With growth picking up again, Africa seems increasingly attractive for its own nationals who return home through new opportunities available for them. The purpose of our research paper is to understand the role of the international partners in Cameroon, with regards to their support for the return and reintegration of migrants. We, therefore, questioned the relevance and effectiveness and efficacy of international instruments in reintegrating returnees to Cameroon. After our analysis that was conducted on the basis of a documentary exploration, interviews, and field surveys, it appears that the contribution of the international partners in Cameroon is proven in relation to their participation in the financing and placement of returned experts. However, their contribution remains insufficient due to their low level of deployment and the insignificant impact of their investments on the reintegration of Cameroonian Diasporas. The research also reveals some exogenous and endogenous constraints that hinder international institutions' actions in terms of accompanying migrants returning to Cameroon. Finally, for a better management of the returnees' issue, it is necessary to set up a mechanism to raise awareness and a coordination system of all international actors involved. It is also relevant to reform the migration policy, build institutional capacities, and improve the juridical-administrative and economic environment so as to favor co-development in Cameroon.

Keywords: international partners, returnees, diaspora, migration policy, co-development

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5043 Critical Analysis of the Caspian: The Role of Identity in Russia's Foreign Policy

Authors: Aidana Arynbek

Abstract:

This paper attempts to offer an alternative to the explanation of the politics of great powers in Caspian politics. Since many researchers have analysed the politics of great powers in the region with the focus on materialism, this paper attempts to bring a sociological inquiry into analysing inter-state behaviour. The constructivist concept of Alexander Wendt will be applied to analyse Russia’s relation with The United States, China and Iran; the main argument is emphasis on the power of ideational forces over material ones. Moreover, the innovative contribution of Wendt regarding the understanding of anarchy to the study of International Relations (IR) will be applied; in his words, ‘anarchy is what states make of it’. A neo-realist perspective implies that with the structure of international politics, Russia treats all great powers as rivals through engagement in power politics; however, Wendt’s approach is able to explain the reason behind the state’s behaviour towards power politics, and this is about not only international structure, but also identity. The understanding of identity answers the question of how Russia came about to follow different actions in relation to Iran and China in contrast to The United States. This paper will be divided into five chapters. The first chapter will explain the constructivism of Alexander Wendt; the second chapter will give a brief background to The Caspian Sea Region (CSR); the third chapter will explain the formation of Russia’s identity towards The United States, and this will be applied to analyse Russia’s relation to The U.S in The CSR. Similarly with China, the fourth chapter will explain Russia’s identity and its relations in The CSR, and finally, the fifth chapter will show Russia’s identity towards Iran and its relation to Iran in The CSR. It will be concluded that the analysis of the politics between great powers in seeking to access one of the richest regions, The Caspian Basin, will show that international politics is not fixed, but constructed by human action and cognition. Reality in the politics of great powers in The Caspian Sea Region is socially constructed. This paper is not interested in how things are, but how they became what they are. That is to say, how Russia’s foreign policies towards great powers became what they are.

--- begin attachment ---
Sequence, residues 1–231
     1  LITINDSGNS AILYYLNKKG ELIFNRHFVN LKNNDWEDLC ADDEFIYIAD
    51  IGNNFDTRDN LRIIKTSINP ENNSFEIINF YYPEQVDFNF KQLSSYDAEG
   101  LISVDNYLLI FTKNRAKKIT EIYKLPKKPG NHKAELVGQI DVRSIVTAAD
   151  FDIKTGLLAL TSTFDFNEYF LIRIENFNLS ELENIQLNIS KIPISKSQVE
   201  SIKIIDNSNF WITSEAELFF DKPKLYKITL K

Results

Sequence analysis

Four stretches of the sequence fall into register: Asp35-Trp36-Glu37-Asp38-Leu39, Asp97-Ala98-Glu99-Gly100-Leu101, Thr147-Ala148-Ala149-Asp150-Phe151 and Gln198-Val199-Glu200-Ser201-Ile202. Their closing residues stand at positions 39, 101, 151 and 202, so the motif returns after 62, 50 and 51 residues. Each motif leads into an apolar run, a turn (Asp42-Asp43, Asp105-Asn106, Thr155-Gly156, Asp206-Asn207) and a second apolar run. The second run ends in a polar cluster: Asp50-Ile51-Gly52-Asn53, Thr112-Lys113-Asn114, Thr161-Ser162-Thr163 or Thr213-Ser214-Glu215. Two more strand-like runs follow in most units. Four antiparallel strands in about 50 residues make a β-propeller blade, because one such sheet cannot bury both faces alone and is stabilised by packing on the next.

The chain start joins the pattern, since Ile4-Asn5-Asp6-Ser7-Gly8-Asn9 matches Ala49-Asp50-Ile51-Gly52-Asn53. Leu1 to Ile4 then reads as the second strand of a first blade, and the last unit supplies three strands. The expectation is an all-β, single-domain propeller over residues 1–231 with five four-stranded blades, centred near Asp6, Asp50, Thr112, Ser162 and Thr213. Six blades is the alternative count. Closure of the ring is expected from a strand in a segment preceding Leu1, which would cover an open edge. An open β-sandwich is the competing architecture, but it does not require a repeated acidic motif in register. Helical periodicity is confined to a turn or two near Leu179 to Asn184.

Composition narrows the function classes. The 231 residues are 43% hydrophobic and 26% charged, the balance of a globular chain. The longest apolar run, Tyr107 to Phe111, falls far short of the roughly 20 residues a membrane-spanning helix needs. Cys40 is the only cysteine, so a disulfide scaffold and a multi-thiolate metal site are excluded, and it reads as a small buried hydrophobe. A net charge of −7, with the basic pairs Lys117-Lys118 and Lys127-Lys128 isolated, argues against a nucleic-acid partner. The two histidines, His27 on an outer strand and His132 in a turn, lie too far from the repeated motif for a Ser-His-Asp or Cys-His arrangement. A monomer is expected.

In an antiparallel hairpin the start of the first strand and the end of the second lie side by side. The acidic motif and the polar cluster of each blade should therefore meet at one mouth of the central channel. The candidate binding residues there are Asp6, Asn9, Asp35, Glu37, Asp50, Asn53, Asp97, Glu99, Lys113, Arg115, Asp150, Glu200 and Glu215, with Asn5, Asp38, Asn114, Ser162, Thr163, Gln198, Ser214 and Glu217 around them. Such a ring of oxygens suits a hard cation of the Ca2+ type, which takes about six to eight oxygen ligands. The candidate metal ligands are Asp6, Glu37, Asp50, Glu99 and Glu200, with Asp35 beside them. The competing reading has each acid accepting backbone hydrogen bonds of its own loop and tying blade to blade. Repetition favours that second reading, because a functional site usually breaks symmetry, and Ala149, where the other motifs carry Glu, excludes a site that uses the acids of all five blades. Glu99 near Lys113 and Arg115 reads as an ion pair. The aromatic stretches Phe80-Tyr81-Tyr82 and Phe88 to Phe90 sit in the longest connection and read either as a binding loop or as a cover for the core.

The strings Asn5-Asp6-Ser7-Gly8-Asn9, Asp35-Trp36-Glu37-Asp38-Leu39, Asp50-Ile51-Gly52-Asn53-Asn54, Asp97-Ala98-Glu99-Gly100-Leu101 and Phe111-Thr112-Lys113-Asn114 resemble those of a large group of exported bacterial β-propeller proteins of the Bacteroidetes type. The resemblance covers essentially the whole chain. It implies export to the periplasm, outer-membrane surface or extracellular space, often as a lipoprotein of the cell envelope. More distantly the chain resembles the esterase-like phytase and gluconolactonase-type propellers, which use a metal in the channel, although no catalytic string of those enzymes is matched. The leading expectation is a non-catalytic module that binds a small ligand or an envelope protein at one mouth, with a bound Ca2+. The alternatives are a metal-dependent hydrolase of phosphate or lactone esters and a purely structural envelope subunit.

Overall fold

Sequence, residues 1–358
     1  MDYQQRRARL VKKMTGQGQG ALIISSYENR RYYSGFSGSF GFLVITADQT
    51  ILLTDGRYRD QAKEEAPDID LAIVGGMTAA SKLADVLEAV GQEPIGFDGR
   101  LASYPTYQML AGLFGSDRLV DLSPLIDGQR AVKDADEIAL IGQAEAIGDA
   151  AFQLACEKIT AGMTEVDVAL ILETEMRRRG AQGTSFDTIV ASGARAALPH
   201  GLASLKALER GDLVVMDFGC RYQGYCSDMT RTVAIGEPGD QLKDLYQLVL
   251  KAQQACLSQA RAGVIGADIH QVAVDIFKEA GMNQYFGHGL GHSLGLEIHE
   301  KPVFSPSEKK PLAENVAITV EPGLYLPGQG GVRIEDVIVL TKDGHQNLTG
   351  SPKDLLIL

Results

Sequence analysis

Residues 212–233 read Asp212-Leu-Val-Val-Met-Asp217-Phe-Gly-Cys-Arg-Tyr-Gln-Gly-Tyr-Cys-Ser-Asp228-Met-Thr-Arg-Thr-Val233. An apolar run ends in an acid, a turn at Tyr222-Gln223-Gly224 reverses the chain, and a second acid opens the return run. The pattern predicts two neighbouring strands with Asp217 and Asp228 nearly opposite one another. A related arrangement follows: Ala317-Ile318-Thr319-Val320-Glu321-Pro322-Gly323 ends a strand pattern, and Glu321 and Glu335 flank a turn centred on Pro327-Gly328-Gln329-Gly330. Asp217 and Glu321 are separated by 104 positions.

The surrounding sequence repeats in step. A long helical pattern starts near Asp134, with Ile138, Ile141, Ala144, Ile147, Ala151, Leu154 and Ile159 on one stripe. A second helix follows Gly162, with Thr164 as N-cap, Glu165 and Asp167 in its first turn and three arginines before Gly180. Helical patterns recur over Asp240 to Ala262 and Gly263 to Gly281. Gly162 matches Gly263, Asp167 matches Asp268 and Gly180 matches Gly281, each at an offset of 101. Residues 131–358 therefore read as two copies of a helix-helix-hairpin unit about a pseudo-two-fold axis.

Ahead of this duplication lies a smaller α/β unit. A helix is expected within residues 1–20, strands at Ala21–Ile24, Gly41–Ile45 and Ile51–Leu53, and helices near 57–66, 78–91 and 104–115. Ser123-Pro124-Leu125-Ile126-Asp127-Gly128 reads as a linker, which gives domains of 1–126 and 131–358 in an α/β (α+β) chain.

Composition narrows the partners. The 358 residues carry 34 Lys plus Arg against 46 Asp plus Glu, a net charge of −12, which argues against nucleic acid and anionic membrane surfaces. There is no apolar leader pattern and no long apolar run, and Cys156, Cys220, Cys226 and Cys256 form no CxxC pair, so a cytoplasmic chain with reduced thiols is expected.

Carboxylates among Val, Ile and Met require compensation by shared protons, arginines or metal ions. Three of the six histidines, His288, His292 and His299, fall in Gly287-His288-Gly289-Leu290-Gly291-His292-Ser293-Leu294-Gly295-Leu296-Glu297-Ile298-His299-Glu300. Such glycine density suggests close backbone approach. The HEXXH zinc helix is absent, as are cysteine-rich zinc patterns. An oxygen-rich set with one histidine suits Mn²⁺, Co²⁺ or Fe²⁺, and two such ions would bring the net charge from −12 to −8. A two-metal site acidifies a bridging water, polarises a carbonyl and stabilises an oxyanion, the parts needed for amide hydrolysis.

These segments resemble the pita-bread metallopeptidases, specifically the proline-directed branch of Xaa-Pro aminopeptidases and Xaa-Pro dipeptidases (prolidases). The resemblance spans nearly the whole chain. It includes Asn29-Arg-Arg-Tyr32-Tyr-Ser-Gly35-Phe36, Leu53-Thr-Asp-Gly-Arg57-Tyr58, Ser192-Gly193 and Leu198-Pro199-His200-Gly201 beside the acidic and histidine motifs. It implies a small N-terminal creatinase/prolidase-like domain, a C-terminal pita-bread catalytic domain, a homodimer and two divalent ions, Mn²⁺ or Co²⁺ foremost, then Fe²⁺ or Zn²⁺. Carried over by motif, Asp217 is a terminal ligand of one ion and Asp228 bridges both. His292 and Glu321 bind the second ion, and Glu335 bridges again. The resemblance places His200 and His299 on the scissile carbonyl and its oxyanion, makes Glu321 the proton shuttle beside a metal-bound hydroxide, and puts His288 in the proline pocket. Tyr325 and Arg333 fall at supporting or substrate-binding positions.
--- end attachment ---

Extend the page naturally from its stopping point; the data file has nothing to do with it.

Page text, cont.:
Keywords: Alexander Wendt, Caspian sea, identity, Russia, socially constructed

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5042 Money Laundering and Financing of Terrorism

Authors: Covadonga Mallada Fernández

Abstract:

Economic development and globalization of international markets have created a favourable atmosphere for the emergence of new forms of crime such as money laundering or financing of terrorism, which may contribute to destabilized and damage economic systems. In particular, money laundering have acquired great importance since the 11S attacks, what has caused on the one hand, the establishment and development of preventive measures and, on the other hand, a progressive hardening of penal measures. Since then, the regulations imposed to fight against money laundering have been viewed as key components also in the fight against terrorist financing. Terrorism, at the beginning, was a “national” crime connected with internal problems of the State (for instance the RAF in Germany or ETA in Spain) but in the last 20 years has started to be an international problem that is connected with the defence and security of the States. Therefore, the new strategic concept for the defense and security of NATO has a comprehensive list of security threats to the Alliance, such as terrorism, international instability, money laundering or attacks on cyberspace, among others. With this new concept, money laundering and terrorism has become a priority in the national defense. In this work we will analyze the methods to combat these new threats to the national security. We will study the preventive legislations to combat money laundering and financing of terrorism, the UIF that exchange information between States, and the hawala-Banking.